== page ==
Older engineers rock

Are old engineers obsolete dinosaurs?

Plenty of anecdotal evidence suggests that employers prefer younger engineers over one who is 50 or older. But a new study suggests the peril of that position.

In “Is Programming Knowledge Related to Age?”, a recent paper by Patrick Morrison and Emerson Murphy-Hill, the authors ran a big-data experiment to see if aging developers have trouble with the latest technology.

The experiment is somewhat crudely-crafted (perhaps the study's authors are graybeards). By tracking responses to questions on Stack Overflow they correlate the site's “reputation” statistics against age. Interestingly the vast majority of participants on that site are youngsters, clustered around 29.

Turns out, old folks rock.

Reputation on Stack Overflow peaks around age 50 and does show a sharp decline by 70. Even at that not-so-advanced point in life, the average is about that of a thirty-year old and is much higher than someone five years younger. While young folks show little standard deviation, oldsters reputation varies wildly, with plenty of data points well above the average (and some well below).

By noting the kinds of questions Stack Overflow participants respond to, the researchers determined that older developers have a significantly wider range of skills than young people. That levels out around age 50 and enters only a modest decline later in life. Again, the standard deviation is huge.

How much of that knowledge is about new technologies? Here the results are less clear, though the authors believe their results show age does not confine one to the tech of yesteryear.

There are some real problems with the study. No raw data is presented; it's all expressed in graphs and reduced summaries. But it sure appears that there are only a handful of people studied over age 45. And the experiment took place within the narrow confines of Stack Overflow, and using reputation as a proxy for knowledge, both of which are somewhat suspect as determining anything about the developer population as a whole.

But as one who will achieve the ripe age of 0x3c shortly, the results are encouraging. I intend to forget any data to the contrary, ignore the shorts caused by my shaking hands soldering SMT components, and continue to design MCUs with vacuum tubes.

What is your experience?

Jack G. Ganssle is a lecturer and consultant on embedded developmentissues. He conducts seminars on embedded systems and helps companieswith their embedded challenges, and works as an expert witness onembedded issues. Contact him at . His website is.

13 thoughts on “Older engineers rock

  1. Jack, I still have some catching up to do at only 0x33, but I really think that us oldies have a huge advantage.

    When we look at a new technology, we have a framework of experience and knowledge to help understand it.

    The young-uns, however just see new

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  2. There are both younger and older engineers whom I would never hire and others I would really like to hire if I was ever in the position. I'd test and ask questions to all of them the same way. I'm also 0x33 and am looking at going for ARM certification a

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  3. I'm a middle age engineer. My observation of many skills in life is that people who are always hungry to learn and hesitant to become proud and stop growing are the ones that become great. A great many of us seem to decide that our skillset is “good enou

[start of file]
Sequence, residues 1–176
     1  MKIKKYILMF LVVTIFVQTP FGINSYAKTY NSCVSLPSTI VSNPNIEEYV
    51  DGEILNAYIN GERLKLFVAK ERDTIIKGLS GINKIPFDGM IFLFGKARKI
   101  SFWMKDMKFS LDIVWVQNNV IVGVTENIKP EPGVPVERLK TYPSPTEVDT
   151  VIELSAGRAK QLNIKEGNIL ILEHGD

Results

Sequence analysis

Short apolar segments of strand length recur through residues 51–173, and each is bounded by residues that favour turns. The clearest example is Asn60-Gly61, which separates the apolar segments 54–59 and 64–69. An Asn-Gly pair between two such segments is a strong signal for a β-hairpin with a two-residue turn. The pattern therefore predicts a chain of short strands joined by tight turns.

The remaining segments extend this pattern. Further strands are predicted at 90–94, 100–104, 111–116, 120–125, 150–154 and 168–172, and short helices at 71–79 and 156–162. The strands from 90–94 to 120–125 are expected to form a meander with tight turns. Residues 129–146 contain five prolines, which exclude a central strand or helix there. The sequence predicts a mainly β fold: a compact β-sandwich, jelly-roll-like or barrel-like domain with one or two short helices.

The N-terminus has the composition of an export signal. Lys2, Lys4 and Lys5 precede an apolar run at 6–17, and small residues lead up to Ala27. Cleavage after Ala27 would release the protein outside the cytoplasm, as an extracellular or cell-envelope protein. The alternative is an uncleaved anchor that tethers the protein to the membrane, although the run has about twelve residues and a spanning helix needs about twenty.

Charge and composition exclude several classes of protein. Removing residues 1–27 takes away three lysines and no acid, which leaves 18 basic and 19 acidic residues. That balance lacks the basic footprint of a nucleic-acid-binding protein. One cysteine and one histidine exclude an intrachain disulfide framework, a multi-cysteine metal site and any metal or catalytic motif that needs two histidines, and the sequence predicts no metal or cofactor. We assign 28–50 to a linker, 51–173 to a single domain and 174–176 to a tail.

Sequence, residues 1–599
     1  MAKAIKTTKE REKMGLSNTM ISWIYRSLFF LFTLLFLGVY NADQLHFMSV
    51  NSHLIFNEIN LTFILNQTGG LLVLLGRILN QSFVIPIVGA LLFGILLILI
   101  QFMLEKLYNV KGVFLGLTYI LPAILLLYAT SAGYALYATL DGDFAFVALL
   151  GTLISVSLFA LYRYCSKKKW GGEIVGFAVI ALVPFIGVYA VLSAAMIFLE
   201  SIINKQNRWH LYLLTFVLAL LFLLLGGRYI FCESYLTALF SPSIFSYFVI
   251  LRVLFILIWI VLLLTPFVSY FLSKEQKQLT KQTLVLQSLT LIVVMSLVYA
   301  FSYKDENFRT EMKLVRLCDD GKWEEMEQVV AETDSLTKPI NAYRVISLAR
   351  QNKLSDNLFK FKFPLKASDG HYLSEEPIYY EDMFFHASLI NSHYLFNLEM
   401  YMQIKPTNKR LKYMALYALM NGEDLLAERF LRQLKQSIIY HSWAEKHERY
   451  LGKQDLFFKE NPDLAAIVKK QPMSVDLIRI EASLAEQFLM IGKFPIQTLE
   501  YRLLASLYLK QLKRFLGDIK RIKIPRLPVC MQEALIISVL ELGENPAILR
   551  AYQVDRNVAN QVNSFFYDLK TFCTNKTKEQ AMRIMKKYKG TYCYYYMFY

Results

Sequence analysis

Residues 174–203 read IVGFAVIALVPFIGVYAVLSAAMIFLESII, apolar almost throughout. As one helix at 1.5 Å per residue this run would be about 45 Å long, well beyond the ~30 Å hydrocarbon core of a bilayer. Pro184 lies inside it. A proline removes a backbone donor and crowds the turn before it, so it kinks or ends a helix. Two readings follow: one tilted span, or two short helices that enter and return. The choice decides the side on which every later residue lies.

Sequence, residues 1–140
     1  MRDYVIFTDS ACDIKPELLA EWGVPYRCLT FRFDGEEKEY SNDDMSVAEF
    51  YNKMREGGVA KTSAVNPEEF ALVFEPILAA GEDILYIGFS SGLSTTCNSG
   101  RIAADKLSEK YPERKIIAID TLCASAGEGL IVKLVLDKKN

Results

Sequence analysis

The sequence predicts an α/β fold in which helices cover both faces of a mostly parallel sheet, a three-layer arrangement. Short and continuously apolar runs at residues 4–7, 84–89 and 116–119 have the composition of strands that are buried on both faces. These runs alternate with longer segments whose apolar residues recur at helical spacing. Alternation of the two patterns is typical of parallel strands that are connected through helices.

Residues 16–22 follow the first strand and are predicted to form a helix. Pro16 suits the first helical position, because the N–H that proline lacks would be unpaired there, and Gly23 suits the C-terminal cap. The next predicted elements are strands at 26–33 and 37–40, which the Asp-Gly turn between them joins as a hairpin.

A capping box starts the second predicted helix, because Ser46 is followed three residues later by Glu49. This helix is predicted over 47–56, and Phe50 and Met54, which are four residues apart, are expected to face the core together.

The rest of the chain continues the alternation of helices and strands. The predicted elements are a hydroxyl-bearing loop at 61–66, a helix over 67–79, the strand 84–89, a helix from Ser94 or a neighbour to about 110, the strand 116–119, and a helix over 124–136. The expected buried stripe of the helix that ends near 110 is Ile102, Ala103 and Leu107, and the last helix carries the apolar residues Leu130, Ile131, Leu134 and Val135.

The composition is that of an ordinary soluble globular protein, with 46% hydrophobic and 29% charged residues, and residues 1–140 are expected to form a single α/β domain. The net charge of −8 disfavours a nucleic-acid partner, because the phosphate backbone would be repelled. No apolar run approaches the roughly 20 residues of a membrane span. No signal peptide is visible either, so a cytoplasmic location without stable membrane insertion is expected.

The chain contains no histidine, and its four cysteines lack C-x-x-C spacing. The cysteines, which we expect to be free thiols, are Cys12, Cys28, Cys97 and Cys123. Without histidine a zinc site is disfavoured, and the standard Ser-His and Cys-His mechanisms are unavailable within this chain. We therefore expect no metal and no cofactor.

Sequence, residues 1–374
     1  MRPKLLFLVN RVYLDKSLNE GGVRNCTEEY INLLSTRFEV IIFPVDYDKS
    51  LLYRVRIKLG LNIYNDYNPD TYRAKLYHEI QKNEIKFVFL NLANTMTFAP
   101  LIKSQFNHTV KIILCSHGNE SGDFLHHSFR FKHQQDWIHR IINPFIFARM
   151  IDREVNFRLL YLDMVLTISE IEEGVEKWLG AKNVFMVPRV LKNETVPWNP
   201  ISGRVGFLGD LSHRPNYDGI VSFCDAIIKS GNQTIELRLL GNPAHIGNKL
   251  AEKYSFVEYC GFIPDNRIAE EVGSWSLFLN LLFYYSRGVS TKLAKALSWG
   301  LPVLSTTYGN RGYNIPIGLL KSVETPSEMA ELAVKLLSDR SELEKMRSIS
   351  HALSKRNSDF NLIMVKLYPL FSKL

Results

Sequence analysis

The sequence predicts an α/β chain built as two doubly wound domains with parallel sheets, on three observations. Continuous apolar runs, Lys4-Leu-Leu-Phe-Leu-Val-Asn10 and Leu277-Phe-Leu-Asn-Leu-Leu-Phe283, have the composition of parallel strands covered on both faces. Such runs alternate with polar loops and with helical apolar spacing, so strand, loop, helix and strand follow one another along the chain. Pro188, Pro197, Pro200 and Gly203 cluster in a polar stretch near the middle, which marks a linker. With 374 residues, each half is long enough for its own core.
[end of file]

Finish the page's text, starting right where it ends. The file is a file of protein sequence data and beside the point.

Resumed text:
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  4. Well I'm 0x3D and still going and don't intend stopping now.I'm not working at he cutting edge but still designing relevant products for export around PICs and AVR32 and writing in C.Best of all I now have clients not employers!

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  5. 0x3b year old here. Picked up a masters in ECE five years ago with a 3.9/4 GPA so seem to be able to handle new technologies.

    But the headwind in the job market is overwhelming. I don't even get a phone interview when applying for jobs that could be writt

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  6. From what I've seen, a lot of those who lose the hunger to learn, somehow make it into management.

    As others have said, I've worked with good young and old engineers, and bad young and old engineers. Attitude often is key.

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  7. I guess I will be the youngster at 0x31! I earned my two year degree in 1984 and worked to earn the title of Engineer at several places. After a six year stretch out of technology I got back in to the field in 2008. I've already made it back to an engineer

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  8. “But as one who will achieve the ripe age of 0x3c shortly” reminds me of the old saying “there are 10 kinds of people, those who understand binary and those that don't”.

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  9. “But as one who will achieve the ripe age of 0x3c shortly” reminds me of the old saying “there are 10 kinds of people, those who understand binary and those that don't”.

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  10. To me, this brings up a great cultural issue that I have been aware of lately. Here, anyone with about 5 years of experience wants to get into management. So, we seldom come across older technocrats who still know the chops. There are few career paths beyo

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